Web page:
For more information on how to write a mission statement and express your core values, check out this article from the Sling blog: How To Write Your Ideal Restaurant Mission Statement + 15 Inspiring Examples.
Growing the business is often at the top of most owners’ and managers’ lists. And why wouldn’t it be? It’s one of the pillars of success.
If a part of your company isn’t growing in some way — even very slightly — the entire organization may run the risk of sliding backward.
When you set this as one of your business goals, don’t restrict yourself to external factors like growing your customer base (though this is certainly important).
Instead, think about growing your business from within as well by analyzing and improving aspects like:
If you focus on both the internal and external aspects of your business, you might find even more ways to make it grow.
While you’re in the midst of running your operation, it can be hard to focus outward and identify the financing opportunities your business needs to grow.
In many cases, the first step toward gaining the financing you need is making a commitment and setting a goal to seek it out.
Once you’ve got the goal in mind, it serves as a framework for your actions and a motivation to keep searching, pushing, and stretching for the financing sources you need to take your business to the next level.
Marketing is a big part of what makes your business successful, so setting a goal to achieve certain milestones is well worth your time.
Whether you’re focusing on traditional marketing (e.g., print, radio, and television), social media marketing, or even guerilla marketing, putting in the time and energy to dial in your advertising can often pay off in the long run.
For ideas and advice to help you reach your marketing and business goals, take a few minutes to read these articles from the Sling blog:
Becoming more eco-friendly is a lofty goal that all businesses should strive for, and even small steps can make a huge difference for the environment.
Implementing and executing eco-friendly policies, procedures, and practices is not only fulfilling for your employees — which is a great morale booster — but it’s also great for your brand image.
Because there are so many similar products on the market these days, customers often make the decision to purchase one over the other based on variables like where the product is made and how much recycled material the business uses.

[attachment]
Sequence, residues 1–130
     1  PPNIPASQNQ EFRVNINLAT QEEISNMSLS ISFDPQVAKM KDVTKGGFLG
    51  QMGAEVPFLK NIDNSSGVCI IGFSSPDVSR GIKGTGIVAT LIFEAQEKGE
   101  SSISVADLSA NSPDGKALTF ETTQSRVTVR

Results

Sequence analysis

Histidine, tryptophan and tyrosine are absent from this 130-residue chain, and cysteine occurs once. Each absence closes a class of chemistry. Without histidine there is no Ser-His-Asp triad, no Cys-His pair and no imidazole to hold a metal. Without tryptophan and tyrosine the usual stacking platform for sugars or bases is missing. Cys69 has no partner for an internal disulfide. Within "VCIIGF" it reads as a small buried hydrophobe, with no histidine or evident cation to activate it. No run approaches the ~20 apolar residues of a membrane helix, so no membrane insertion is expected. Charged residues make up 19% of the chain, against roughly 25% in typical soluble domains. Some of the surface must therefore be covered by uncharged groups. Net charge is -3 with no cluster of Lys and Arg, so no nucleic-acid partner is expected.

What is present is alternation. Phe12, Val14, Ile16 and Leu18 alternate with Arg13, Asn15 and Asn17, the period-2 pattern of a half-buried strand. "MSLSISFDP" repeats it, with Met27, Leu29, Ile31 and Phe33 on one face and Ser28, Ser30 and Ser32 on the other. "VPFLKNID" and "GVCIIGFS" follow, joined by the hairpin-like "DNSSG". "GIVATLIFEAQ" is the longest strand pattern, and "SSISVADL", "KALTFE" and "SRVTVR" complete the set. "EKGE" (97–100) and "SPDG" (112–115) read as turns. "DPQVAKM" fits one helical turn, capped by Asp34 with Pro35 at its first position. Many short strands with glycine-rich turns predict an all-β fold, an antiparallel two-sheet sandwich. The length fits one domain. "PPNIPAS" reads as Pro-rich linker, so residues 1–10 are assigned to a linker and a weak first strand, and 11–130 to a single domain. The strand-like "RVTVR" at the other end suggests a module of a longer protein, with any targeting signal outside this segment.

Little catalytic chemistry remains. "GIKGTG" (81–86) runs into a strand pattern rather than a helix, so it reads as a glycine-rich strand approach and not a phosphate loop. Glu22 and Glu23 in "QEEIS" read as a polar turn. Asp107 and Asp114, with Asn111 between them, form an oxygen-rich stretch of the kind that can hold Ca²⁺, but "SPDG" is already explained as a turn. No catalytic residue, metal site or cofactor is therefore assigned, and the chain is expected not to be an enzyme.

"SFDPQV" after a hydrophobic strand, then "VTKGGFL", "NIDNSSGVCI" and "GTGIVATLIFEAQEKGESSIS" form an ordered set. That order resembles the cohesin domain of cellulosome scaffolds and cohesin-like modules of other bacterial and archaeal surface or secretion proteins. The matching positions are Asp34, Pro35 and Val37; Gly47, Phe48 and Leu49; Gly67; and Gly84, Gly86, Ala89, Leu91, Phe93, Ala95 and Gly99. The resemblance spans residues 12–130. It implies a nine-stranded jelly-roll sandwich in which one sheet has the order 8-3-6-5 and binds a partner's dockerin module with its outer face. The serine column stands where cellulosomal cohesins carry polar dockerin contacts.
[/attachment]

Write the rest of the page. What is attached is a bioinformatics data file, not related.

If you’re struggling for ways to meet this business goal, consider one or all of these options to get you started:
Don’t feel like you have to go full-bore right away. Make the changes that feel right to you, and then look for additional ways to create an eco-friendly organization.
The first step in setting business goals is to perform a thorough examination of the way your company works.
Investigate all levels of operation including:
Get familiar enough with the active processes and procedures at each level that you can see ways to adjust and modify how things work for the better.
With a full understanding of your business, you can now identify what you want to accomplish.
If, for example, you discover that there are issues with the C-suite structure and function, you can set a goal to revise and streamline the way these employees work.
Or, if you see room for improvement in the way your front-line employees operate, you can set your sights on refining the way they work.
Sometimes, it’s tempting to set general goals, such as “provide better customer service” or “have more fun with the team.” Those are excellent business goals, but they’re too subjective to be of any real use.
How do you know if your team is providing better customer service? How do you know if they’re having more fun?
The best way to set goals that work is to make them measurable. Once you know how you want to quantify them, you can assign a target number so it will be more objective and less up to interpretation.
For example, you might set a goal to reach a 30% increase in customer satisfaction through the last six months of the year.
With a measurable target like this, you can quickly and easily see whether your business has achieved its goals or not.
Once you’ve created your specific business goals, it’s time to compose a strategic plan to get you there. Start by creating a written document that details the steps and processes your business needs to reach the goals you’ve set.
Be as detailed as possible, but also be willing to go back and change the plan if you see that something isn’t working or if someone has a better idea.
After you’ve composed your strategic plan, use that information to allocate any and all resources necessary to reach the business goal.
Don’t overlook such variables as: